An authority on the religious folk music of black Americans and a member of the Alabama Music Hall of Fame was born in Anniston at the turn of the 20th century.
William Levi Dawson, born in 1899 in Anniston, is best known for his compositions, which include the Negro Folk Symphony. That symphony was premiered in 1934 by the Philadelphia Orchestra under the direction of Leopold Stokowski, according to the Music Hall of Fame.
Dawson ran away from home in Anniston at 13 to enter what was then called Tuskegee Institute, according to Tuskegee University.
Supporting himself by manual labor, Dawson lived in Tuskegee and played in the Institute's band and orchestra until he graduated in 1921.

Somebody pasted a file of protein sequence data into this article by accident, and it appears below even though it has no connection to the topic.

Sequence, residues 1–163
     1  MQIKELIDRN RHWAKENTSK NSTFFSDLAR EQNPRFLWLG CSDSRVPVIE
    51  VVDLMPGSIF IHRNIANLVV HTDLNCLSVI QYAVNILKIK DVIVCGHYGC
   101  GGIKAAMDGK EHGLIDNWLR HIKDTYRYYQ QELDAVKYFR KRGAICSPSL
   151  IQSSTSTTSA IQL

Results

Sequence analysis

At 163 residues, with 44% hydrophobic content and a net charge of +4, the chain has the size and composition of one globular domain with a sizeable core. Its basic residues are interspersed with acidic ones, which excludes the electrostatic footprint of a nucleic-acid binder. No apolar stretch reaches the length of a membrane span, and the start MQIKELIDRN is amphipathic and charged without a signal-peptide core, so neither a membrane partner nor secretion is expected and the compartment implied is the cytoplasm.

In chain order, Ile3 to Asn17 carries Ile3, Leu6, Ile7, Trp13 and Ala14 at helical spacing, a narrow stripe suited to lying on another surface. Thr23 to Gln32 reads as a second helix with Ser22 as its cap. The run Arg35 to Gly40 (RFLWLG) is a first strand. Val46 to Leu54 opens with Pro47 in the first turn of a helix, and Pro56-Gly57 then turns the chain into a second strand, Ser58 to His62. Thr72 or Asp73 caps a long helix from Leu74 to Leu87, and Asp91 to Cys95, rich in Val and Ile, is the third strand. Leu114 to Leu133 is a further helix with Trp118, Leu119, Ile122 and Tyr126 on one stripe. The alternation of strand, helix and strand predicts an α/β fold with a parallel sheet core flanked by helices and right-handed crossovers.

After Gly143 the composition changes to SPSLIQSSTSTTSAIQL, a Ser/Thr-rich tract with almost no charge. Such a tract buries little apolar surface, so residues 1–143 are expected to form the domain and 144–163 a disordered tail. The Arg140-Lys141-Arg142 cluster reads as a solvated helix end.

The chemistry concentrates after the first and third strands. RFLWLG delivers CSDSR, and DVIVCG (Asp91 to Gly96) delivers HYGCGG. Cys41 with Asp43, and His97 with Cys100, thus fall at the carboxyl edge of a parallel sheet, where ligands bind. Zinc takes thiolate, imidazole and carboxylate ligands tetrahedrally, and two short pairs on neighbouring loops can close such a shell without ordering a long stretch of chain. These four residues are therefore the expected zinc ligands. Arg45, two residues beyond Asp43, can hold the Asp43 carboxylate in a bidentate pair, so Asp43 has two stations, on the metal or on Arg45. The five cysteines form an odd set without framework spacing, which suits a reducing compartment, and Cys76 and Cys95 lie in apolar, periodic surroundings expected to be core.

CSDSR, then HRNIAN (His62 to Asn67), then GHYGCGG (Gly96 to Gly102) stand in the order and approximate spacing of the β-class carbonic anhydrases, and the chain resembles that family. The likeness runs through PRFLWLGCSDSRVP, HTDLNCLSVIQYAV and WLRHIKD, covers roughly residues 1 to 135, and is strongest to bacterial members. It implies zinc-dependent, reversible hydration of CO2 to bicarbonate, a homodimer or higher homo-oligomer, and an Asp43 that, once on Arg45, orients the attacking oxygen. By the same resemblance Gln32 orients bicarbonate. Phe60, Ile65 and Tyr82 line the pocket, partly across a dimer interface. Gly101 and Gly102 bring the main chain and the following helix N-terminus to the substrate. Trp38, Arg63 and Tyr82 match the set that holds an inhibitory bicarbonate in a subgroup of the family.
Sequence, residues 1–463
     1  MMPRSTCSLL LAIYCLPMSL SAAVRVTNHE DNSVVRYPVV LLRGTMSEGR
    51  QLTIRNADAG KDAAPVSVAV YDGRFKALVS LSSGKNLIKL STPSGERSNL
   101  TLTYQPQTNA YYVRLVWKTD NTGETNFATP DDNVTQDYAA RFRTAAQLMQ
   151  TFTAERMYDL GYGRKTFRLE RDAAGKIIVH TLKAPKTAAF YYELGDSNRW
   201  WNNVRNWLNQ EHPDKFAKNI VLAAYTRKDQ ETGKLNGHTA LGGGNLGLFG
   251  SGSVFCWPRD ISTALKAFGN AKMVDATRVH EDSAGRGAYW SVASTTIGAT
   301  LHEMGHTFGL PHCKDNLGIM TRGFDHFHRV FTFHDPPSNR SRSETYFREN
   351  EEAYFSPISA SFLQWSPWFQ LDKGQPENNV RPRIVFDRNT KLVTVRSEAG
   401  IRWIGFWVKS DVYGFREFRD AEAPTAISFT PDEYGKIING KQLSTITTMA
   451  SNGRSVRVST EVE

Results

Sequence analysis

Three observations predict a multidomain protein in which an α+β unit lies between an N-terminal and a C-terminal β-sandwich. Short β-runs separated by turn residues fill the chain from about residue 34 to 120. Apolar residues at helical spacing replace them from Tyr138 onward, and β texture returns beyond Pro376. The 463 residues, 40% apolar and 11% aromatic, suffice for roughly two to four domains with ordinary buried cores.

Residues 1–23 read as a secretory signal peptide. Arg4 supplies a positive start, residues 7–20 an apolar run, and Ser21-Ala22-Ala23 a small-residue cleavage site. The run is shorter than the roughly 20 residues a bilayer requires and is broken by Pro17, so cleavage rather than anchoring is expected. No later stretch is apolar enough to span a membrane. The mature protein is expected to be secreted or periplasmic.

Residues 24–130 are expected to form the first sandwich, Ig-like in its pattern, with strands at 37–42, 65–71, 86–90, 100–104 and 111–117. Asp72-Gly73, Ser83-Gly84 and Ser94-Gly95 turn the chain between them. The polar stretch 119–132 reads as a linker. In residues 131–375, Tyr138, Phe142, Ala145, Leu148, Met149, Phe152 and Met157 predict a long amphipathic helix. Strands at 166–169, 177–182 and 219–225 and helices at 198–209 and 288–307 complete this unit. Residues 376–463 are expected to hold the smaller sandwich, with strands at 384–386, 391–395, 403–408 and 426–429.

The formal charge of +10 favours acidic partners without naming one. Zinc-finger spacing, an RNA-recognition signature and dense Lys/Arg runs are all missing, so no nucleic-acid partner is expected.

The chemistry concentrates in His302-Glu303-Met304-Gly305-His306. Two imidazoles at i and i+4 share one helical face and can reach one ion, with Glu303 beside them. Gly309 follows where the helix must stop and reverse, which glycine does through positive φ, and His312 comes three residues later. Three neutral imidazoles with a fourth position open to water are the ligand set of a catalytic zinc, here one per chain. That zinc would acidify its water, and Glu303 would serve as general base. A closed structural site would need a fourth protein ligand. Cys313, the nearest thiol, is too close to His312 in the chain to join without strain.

After graduation, according to Tuskegee's information, Dawson studied composition and orchestration at Washburn College in Kansas. In 1925, he received a bachelor of music degree in theory at the Horner Institute of Fine Arts in Kansas City, Mo.
Dawson earned a master's degree in composition in 1927 from the American Conservatory of Music.
After completing his education, Dawson was first trombonist with the Chicago Civic Orchestra from 1926 to 1930.
In 1931, Dawson moved back to Alabama where he organized the School of Music at Tuskegee. He conducted the school's Tuskegee Choir for 25 years.
According to the Alabama Music Hall of Fame, this choir was one of the main attractions when the Radio City Music Hall in New York City opened in 1932.
Under the direction of Dawson, the choir also performed for presidents Herbert Hoover and Franklin D. Roosevelt.
Dawson was inducted into the Alabama Music Hall of Fame in 1989. He died in 1990.